A campaign season perplexing enough to rival the Clinton-Trump debacle will reach a turning point next weekend after the first round of France’s presidential election. In the event that no candidate wins a majority, an election between the top two contenders will be held in May. Anti-immigration populist leader of the Front National Marine Le Pen is expected to face off with pro-European liberal Emmanuel Macron.
What are the implications of Le Pen’s ultimate victory? It doesn’t take a political scientist to notice the wave of populism that has set the Western world ablaze, catalyzed by Brexit and Trump’s election. Although she appeared to drag her feet in fully endorsing Trump, Le Pen shares many of the same views on policy as the US president. Proudly known as “Madame Frexit,” the FN candidate vows to hold referendums over France’s membership in the EU and eurozone. She also aims to crackdown on immigration (both legal and illegal), proposes allocation of public resources to French natives first before “foreigners,” and wholeheartedly pushes for protectionist economic policy.
More notable is her success in reforming the toxic image of the FN as an extreme-right party for predominantly male racists, Holocaust deniers and xenophobes. As leader of the party, Le Pen publicly supports civil union between same-sex couples (in contrast to the party’s prior opposition) as well as unconditional abortion. Whaddya know, she even identifies as a quasi-feminist. But the troubling aspects of her possible presidency concern immigration policy in France and disruption to the liberal world order consecrated by the EU and NATO.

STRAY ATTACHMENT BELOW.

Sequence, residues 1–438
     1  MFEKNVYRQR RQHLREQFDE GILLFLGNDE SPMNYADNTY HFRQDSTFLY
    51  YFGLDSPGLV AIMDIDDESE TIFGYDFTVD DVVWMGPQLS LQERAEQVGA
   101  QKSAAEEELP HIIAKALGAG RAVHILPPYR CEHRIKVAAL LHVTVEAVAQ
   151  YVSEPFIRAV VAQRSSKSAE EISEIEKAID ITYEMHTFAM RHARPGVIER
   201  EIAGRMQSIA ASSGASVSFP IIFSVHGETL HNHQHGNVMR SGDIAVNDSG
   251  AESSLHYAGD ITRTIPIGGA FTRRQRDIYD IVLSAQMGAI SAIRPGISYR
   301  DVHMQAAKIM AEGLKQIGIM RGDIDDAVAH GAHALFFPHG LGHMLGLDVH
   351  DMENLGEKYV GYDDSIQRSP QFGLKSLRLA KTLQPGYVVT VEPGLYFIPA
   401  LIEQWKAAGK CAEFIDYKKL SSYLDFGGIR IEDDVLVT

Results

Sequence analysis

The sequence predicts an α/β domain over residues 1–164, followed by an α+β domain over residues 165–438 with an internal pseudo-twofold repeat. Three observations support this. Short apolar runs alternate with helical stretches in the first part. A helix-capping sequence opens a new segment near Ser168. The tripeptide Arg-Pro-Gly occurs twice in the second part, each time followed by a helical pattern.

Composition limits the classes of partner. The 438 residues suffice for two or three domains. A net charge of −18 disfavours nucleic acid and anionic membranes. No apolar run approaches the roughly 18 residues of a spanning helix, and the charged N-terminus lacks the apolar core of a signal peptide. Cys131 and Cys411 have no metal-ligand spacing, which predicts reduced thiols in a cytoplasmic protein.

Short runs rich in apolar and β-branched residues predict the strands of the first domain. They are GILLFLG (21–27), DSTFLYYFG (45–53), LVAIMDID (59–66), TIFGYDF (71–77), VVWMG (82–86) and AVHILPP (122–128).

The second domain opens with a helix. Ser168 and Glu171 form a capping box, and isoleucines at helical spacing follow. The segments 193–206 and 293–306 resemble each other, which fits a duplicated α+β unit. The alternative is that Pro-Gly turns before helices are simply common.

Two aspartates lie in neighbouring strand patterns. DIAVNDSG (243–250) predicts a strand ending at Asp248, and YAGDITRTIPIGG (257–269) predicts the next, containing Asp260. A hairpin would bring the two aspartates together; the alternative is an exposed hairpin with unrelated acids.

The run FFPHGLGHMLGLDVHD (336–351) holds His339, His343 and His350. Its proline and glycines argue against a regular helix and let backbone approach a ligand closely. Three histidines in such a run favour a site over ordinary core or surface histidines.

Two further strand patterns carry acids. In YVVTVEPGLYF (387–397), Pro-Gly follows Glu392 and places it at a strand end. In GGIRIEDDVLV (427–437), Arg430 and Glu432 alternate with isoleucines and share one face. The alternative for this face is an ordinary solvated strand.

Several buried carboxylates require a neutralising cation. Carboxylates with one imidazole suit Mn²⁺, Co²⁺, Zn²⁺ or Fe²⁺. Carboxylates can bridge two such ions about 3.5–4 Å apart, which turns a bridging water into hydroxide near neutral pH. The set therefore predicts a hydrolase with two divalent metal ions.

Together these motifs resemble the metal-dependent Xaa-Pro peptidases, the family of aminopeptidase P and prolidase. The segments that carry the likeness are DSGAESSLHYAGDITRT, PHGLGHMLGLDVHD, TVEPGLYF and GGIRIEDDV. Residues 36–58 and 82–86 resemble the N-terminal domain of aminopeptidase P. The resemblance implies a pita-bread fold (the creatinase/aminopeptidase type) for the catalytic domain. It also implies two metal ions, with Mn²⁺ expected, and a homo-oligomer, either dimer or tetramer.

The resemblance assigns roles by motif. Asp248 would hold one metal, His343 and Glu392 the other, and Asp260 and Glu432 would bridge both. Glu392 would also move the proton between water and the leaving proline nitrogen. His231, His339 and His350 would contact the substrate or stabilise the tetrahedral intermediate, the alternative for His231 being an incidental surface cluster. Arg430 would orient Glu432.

Fortunately, France has its own system of checks and balances; analysts foresee that Le Pen will have difficulty securing support from Parliament to even hold referendums on the EU or eurozone, and it’s been acknowledged that favoritism with regard to public services is highly unconstitutional. Beneficial only to French nativists and their populist counterparts elsewhere, Le Pen’s election would be a symbolic detriment to immigrants in France and the rest of the world as a whole.
By: Frances Lai